Milwaukee Road helped spur Miles City’s development

Amorette Allison
History Columnist

When the Chicago, Milwaukee and St. Paul Railway arrived in Miles City in 1907, it had an enormous impact on the town. Miles City became a division point with large rail yards including a roundhouse. At its peak, the Milwaukee Road, as the railroad was nicknamed, had around 1,000 employees in Miles City.

After the Milwaukee arrived in 1907, the town went through its biggest growth spurt, adding thousands of people to the population. It led to an economic boom that has never been duplicated here, with schools, churches, public and business buildings constructed that still stand in Miles City, giving it part of its distinctive look.

Unfortunately, the Milwaukee was a railroad that always seemed to be at a disadvantage, filing for bankruptcy several times before closing up shop in Miles City on Feb. 29, 1980. 

Today, the midwestern portion of the Milwaukee is part of the Soo Line. From Miles City west, the tracks have mostly been pulled up, with walking and biking rails following the old Milwaukee route.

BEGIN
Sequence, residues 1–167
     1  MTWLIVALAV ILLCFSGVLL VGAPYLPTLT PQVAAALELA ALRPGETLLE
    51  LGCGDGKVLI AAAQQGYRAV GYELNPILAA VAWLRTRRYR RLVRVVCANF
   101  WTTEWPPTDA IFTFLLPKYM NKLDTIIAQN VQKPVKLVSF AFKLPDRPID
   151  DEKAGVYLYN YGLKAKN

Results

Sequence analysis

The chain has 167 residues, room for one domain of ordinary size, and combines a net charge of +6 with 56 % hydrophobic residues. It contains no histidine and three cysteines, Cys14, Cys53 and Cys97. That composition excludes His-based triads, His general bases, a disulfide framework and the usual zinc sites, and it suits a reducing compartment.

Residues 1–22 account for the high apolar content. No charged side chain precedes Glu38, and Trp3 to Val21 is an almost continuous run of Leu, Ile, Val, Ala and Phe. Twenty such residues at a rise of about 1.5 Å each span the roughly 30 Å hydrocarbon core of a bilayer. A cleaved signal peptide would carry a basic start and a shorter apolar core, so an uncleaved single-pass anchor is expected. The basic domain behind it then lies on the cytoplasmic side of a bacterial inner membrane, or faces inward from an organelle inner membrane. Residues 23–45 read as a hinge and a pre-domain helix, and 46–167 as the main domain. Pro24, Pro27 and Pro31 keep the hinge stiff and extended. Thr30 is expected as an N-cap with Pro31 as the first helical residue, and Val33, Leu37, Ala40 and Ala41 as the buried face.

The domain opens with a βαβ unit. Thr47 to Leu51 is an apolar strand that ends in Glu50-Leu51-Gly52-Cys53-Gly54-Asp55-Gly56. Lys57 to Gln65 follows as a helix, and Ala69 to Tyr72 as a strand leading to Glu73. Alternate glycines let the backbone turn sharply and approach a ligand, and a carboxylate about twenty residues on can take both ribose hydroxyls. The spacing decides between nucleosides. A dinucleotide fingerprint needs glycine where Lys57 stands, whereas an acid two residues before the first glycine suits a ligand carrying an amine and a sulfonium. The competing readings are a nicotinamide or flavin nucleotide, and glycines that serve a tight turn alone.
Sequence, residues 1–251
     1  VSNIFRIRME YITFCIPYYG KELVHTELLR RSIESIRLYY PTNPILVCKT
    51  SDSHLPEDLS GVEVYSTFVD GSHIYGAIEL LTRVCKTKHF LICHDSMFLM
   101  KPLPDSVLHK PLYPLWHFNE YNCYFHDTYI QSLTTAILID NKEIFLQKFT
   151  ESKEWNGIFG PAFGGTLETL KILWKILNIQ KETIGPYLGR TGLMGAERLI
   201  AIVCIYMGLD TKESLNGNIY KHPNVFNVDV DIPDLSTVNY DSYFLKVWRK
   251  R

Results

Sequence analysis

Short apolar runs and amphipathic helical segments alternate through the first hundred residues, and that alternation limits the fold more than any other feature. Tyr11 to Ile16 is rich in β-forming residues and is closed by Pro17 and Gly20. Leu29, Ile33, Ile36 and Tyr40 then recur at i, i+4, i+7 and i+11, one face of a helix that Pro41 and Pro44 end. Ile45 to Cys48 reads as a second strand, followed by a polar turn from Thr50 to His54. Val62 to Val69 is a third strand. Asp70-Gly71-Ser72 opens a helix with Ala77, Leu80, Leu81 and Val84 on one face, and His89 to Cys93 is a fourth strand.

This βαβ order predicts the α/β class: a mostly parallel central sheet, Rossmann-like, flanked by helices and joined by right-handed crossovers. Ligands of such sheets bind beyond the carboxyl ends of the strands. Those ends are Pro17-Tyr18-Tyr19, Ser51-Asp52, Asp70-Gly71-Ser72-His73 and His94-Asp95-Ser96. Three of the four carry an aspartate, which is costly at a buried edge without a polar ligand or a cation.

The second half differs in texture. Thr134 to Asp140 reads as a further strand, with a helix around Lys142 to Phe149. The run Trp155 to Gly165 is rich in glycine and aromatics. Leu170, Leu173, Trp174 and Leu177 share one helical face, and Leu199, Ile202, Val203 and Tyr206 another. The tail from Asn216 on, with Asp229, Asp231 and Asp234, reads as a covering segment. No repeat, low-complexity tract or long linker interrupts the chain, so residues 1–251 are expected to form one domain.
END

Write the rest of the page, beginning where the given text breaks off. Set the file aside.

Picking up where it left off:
Founded in 1847, the Milwaukee and Waukesha Railroad was incorporated in Wisconsin to provide a rail link from Milwaukee to the Mississippi River. The name changed to the Milwaukee and Mississippi Railroad in 1850, even before construction began. The first line was five miles long and connected Milwaukee and Wauwatosa. 

The railroad kept expanding, town by town, and finally got to the Mississippi at Prairie du Chien on 1857. 

And it promptly went bankrupt.

It wasn’t the railroad’s fault. It was the result of the Panic of 1857, what we would now called a financial recession.

Several railroads were combined with M&W, creating, in 1867, the Milwaukee & St. Paul. In 1874, the name was changed to Chicago, Milwaukee, and St. Paul. By 1887, the railroad had lines running through Wisconsin, Minnesota, Iowa, South Dakota, and the Upper Peninsula of Michigan.

However, the C, M & St. P. was strictly a midwestern railroad with no connections to the west or east coasts. This put it at a disadvantage when compared to transcontinental railroads. The Northern Pacific,  one of the Chicago, Milwaukee and St. Paul’s chief competitors, had reached the coast in 1883.

The other advantage transcontinental railroads had over the Milwaukee were land grants. When they expanded into the unsettled west in the 19th century, they were granted huge amounts of lands. Every other section, creating a checkerboard of land ownership that still exists in Montana, for at least 10 and up to 40 miles from the track route itself.